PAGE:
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The Leopard (The Criterion Collection) [Blu-ray]

187 customer reviews

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Editorial Reviews

An epic on the grandest scale, Luchino Viscontis THE LEOPARD (Il gattopardo) re-creates, with nostalgia, drama, and opulence, the tumultuous years of Italys Risorgimento, when the aristocracy lost its grip and the middle classes rose and formed a unified, democratic Italy. Burt Lancaster (The Killers, Brute Force) stars as an aging prince watching his culture and fortune wane in the face of a new generation, represented by the gorgeous Alain Delon (Purple Noon, Le samoura) and Claudia Cardinale (8 , Once Upon a Time in the West). The Criterion Collection is proud to present THE LEOPARD in two distinct versions: Viscontis original and the English-language one released in America.

Special Features

  • Restored high-definition digital transfer
  • Uncompressed monaural soundtrack
  • The 161-minute American release, with English-language dialog
  • Audio commentary by film scholar Peter Cowie
  • A Dying Breed: The Making of "The Leopard," an hour-long documentary
  • Video interview with producer Goffredo Lombardo
  • Video interview with film scholar Millicent Marcus
  • Original theatrical trailers and newsreels
  • Stills gallery of rare behind-the-scenes production photos
  • PLUS: A booklet featuring an essay by film historian Michael Wood

  • Product Details

    • Actors: Burt Lancaster, Claudia Cardinale, Alain Delon, Paolo Stoppa, Rina Morelli
    • Directors: Luchino Visconti
    • Format: Multiple Formats, Blu-ray, NTSC, Subtitled, Widescreen
    • Language: Italian
    • Subtitles: English
    • Region: Region A/1 (Read more about DVD/Blu-ray formats.)
    • Aspect Ratio: 2.20:1
    • Number of discs: 2
    • Rated: Unrated
    • Studio: Criterion
    • DVD Release Date: June 29, 2010
    • Run Time: 185 minutes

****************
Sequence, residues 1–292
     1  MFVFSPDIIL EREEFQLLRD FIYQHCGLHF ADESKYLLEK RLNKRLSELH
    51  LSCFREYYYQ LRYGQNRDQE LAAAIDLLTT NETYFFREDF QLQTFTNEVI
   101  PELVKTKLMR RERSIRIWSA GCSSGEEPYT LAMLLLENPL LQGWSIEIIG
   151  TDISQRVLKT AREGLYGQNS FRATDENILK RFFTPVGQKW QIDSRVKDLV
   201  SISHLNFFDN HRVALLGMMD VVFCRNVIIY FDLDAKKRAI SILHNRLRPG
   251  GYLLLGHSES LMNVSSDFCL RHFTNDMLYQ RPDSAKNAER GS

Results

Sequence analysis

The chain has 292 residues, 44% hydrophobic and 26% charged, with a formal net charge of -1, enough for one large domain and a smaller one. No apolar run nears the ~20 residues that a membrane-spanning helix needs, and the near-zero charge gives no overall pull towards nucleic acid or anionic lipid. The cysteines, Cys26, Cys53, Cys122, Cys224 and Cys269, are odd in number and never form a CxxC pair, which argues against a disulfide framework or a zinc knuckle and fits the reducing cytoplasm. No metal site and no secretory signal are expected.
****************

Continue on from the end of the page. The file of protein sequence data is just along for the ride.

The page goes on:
• Average Customer Review: 4.3 out of 5 stars  See all reviews (187 customer reviews)
    • ASIN: B003D3Y660
    • Amazon Best Sellers Rank: #85,570 in Movies & TV (See Top 100 in Movies & TV)
    • Learn more about "The Leopard (The Criterion Collection) [Blu-ray]" on IMDb

    Customer Reviews

    Most Helpful Customer Reviews

    149 of 155 people found the following review helpful By valediggler on September 26, 2004
    Format: DVD
    criterion gives a real royal treatment to this movie and it is higly earned by some reviews people say that the movie is cut and italian version is better blah blah...what they dont know is this 3 disc set has all two of them...check that out yourself:


    *The Film - Visconti's original Italian version (185:52)

    Audio commentary by Peter Cowie (film scholar)

    English HoH subtitles (removable)

    2.21:1 Anamorphic NTSC (Super Technirama OAR)

    Italian Dolby Digital 1.0 Mono


    "A Dying Breed: The Making of The Leopard", a new documentary featuring interviews with Claudia Cardinale, screenwriter Suso Ceccho D'Amico, cinematographer Giuseppe Rotunno, filmmaker Sydney Pollack, and many others (61:31)

    Interview with producer Goffredo Lombardo (19:30)

    Video interview with professor Millicent Marcus of the University of Pennsylvania on the history of the Risorgimento (13:36)

    Promotional Materials:

    - Stills gallery of rare behind-the-scenes production photos

    - Italian newsreel footage (3:11)

    - Italian theatrical trailer (3:40)

    - American theatrical trailers (2) (3:46)


    *The Film - alternate American release (161:23)Subtitles:NonePicture format:2.35:1 Anamorphic NTSC Soundtrack(s):English Dolby Digital 1.0 MonoCase type:Special CaseNotes:Black Triple Alpha case

    Disc 1 is region-free (R0); discs 2 and 3 are encoded R1
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    192 of 204 people found the following review helpful By Bruce Frier on June 23, 2001
    Format: DVD Verified Purchase
    It is incomprehensible to me why this movie has not yet made it to DVD. I think it is easily Visconti's greatest work, and one of the masterpieces of Italian film from a great era in general; and it is also a flawless adaptation of one of the finest Italian novels of the twentieth century. The film is a close study of a noble Sicilian family, and especially of its Prince (played by Burt Lancaster in what I think is also his best role), as they interact with the new middle-class parvenus of revolutionary Italy. The cinematic values of the film itself are stunning, from the vast panoramas of the desolate Sicilian countryside, to the stifling intimacy of the final ball (which lasts nearly an hour on film without once being boring). What is most amazing is the depth of the film. Even small gestures are carefully observed and capture the nuances of an aristocracy in decline. I loved "Death in Venice" as well, but this film should justly be considered Visconti's most tightly controlled and haunting.